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JavaScript: The Good Parts by Douglas Crockford

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Exceptions

JavaScript provides an exception handling mechanism. Exceptions are unusual (but not completely unexpected) mishaps that interfere with the normal flow of a program. When such a mishap is detected, your program should throw an exception:

var add = function (a, b) {
    if (typeof a !== 'number' || typeof b !== 'number') {
        throw {
            name: 'TypeError',
            message: 'add needs numbers'
        };
    }
    return a + b;
}

The throw statement interrupts execution of the function. It should be given an exception object containing a name property that identifies the type of the exception, and a descriptive message property. You can also add other properties.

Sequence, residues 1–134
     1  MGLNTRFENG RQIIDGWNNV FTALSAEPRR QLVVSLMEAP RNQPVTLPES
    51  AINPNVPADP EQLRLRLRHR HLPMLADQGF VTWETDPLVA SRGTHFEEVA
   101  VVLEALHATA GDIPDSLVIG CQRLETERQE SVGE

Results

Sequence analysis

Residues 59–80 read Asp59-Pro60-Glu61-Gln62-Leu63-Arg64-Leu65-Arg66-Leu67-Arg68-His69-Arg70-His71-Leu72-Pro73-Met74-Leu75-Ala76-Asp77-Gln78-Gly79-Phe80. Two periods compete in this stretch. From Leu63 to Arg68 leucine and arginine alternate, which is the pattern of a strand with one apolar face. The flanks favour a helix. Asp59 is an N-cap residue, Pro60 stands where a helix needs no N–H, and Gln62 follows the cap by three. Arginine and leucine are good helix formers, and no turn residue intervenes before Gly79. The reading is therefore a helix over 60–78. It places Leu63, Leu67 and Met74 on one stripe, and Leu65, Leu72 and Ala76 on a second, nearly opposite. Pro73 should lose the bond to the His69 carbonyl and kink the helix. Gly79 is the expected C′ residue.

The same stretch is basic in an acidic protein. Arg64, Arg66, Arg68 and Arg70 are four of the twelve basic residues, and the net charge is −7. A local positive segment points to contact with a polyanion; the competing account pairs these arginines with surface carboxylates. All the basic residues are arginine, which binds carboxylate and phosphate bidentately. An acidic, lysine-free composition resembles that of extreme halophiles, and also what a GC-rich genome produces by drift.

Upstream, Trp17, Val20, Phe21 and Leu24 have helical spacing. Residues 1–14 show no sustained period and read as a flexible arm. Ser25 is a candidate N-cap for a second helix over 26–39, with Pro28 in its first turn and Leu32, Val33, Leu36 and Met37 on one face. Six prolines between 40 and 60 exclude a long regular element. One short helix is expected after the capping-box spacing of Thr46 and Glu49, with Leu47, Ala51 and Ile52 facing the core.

The exception object will be delivered to the catch clause of a try statement:

// Make a try_it function that calls the new add
// function incorrectly.

var try_it = function (  ) {
    try {
        add("seven");
    } catch (e) {
        document.writeln(e.name + ': ' + e.message);
    }
}

try_it(  );

If an exception is thrown within a try block, control will go to its catch clause.

A try statement has a single catch block that will catch all exceptions. If your handling depends on the type of the exception, then the exception handler will have to inspect the name to determine the type of the exception.

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